We made it through our first connection in Ostrava just fine, and were on our way to Katowice. This is where it gets more interesting. Katowice is a small hub station in Poland, but our tickets didn’t connect in Katowice, but in Zebrzydowice, which we deemed “Zebraville” since we hadn’t a clue how to pronounce it. Zebraville was a stop on the way to Katowice, and since we also lack any extensive knowledge of trains and train stations, we accepted this for what it was. About an hour into our train ride Caitlin spotted the sign for our stop so we got off. Trains often only stop briefly, so we hurried off and then the train pulled away as we got our first real glimpse of the area. It looked like a depressed Polish village during one of the world wars. There was a building, but nobody was inside save for a few homeless. And boy was it cold outside. There was a schedule posted on the door of the station, and there was a train to Krakow, but only one train per day: at 3:33 am. It was only 5:15 in the afternoon.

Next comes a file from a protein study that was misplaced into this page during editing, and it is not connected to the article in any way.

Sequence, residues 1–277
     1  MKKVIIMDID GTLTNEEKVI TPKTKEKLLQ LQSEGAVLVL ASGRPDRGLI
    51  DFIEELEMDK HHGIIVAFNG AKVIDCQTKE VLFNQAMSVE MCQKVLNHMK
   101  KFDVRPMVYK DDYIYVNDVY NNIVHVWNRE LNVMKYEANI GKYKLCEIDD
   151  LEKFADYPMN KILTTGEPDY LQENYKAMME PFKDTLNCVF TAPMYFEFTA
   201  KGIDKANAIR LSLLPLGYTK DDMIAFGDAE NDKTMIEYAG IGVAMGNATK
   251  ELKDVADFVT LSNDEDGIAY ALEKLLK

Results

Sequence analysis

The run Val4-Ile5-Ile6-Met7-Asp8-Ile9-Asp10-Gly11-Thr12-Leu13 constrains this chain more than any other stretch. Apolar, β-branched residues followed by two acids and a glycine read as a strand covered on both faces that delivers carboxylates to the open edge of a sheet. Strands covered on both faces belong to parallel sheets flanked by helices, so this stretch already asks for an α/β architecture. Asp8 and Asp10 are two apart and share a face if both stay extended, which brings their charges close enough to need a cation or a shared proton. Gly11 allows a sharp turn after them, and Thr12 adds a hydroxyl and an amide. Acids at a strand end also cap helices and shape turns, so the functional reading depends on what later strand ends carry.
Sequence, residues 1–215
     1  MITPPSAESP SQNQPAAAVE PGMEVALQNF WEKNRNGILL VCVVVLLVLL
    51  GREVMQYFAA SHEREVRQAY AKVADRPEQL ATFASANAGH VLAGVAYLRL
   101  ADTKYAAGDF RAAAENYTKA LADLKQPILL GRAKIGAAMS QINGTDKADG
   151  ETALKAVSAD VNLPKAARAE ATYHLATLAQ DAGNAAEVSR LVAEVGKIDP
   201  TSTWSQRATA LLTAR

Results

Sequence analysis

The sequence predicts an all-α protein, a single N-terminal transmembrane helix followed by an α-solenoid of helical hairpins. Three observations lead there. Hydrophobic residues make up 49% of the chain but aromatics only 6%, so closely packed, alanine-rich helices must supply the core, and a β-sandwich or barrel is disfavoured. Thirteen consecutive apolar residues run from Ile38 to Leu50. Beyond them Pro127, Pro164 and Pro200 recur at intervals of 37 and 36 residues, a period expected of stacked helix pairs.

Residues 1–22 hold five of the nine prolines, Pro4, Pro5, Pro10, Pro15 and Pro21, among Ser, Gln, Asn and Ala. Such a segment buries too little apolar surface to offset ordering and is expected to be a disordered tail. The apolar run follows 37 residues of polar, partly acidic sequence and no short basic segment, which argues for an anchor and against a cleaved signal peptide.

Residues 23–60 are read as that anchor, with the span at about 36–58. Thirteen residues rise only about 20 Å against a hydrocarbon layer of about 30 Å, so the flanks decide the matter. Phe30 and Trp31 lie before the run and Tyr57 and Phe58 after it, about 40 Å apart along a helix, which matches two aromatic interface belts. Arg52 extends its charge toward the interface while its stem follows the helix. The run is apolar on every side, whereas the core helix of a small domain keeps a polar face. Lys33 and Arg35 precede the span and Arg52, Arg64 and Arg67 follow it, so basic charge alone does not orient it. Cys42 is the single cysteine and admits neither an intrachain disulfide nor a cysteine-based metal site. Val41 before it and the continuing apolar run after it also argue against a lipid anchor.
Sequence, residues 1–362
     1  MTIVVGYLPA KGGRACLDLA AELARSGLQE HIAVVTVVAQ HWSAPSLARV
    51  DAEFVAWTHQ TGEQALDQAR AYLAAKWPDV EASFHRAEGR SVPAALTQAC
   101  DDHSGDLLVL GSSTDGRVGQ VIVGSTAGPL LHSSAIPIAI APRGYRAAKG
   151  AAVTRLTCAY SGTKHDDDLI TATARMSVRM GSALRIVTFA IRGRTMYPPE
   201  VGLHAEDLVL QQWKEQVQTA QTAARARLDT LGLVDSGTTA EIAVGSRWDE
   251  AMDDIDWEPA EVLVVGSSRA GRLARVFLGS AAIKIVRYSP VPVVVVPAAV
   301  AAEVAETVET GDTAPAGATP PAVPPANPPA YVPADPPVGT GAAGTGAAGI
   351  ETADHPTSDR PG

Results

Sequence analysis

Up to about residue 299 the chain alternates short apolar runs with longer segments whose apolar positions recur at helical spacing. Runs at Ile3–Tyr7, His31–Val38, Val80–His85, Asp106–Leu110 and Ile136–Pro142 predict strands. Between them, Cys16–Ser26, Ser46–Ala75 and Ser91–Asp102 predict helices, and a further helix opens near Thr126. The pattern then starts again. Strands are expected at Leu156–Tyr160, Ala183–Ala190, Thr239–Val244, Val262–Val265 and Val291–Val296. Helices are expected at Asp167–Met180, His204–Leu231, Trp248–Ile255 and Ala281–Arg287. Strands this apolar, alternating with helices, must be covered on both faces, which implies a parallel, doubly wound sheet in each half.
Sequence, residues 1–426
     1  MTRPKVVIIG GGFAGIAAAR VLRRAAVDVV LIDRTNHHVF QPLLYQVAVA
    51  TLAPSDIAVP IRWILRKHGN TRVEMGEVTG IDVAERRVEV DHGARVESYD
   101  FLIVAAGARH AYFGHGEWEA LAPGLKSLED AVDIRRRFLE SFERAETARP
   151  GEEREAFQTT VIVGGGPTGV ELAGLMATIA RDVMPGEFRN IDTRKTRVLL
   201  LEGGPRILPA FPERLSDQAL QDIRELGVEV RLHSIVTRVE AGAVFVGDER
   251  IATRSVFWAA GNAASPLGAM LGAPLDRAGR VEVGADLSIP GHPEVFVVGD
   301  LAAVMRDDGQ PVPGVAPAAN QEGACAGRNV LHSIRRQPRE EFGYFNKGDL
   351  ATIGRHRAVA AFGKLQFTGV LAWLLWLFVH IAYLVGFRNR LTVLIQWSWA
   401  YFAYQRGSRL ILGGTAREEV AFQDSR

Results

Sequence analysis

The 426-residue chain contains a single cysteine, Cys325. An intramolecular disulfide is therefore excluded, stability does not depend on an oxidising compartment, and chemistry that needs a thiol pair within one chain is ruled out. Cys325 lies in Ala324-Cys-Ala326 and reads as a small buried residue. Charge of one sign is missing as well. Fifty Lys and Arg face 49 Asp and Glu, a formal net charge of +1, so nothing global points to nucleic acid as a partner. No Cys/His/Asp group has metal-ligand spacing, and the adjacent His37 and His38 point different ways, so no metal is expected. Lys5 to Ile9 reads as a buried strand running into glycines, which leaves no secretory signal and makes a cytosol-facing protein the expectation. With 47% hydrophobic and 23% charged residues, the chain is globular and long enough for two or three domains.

Then we met Tomasz. He came strolling across the sole platform and looked at surprised to see us as we were to see him, since none of us looked like we belonged in Zebraville. He asked where we were from and how the heck we ended up in Zebraville. We told him our tale (thus far), and he replied in turn. Turns out that’s Tomasz is from Poland, though he’d never heard of Zebraville before and didn’t actually know where we were (he was waiting on a friend to collect him), but he had a smart phone and looked to see if there were any other trains in the area heading toward Katowice we might catch. No such luck. We’d resigned ourselves to our cold fate, regretted not buying a deck of cards yet, and settled in. Tomasz asked if we would like some tea from a shop someone had told him was few blocks away. I started to say yes, then realized we had no Polish currency as of yet, and there wasn’t an ATM in sight. No tea for me. However, this lovely man returned 10 minutes later and said he would love to buy us a cup of tea, and then we could sit inside the bar (where it was warm) until our train came. You always worry about accepting kindness from strangers these days, with the sad state of our world and all, but we cautiously accepted Tomasz’s offer. It was indeed warm, but we sure were a spectacle in this town. I should also mention that NO ONE, save Tomasz, spoke any English whatsoever. (Again, not judging, as I speak no Polish.) This was definitely the local old-timers bar. So while Tomasz ordered us tea and a“welcome-to-Poland” shot of vodka, the locals crowded around our table to have a look at the misfortunate travelers. Then bilingual Tomasz asked the women working the bar if there were any busses to Katowice. It may have actually taken a village to figure out, but there were connecting busses that would get us to Katowice.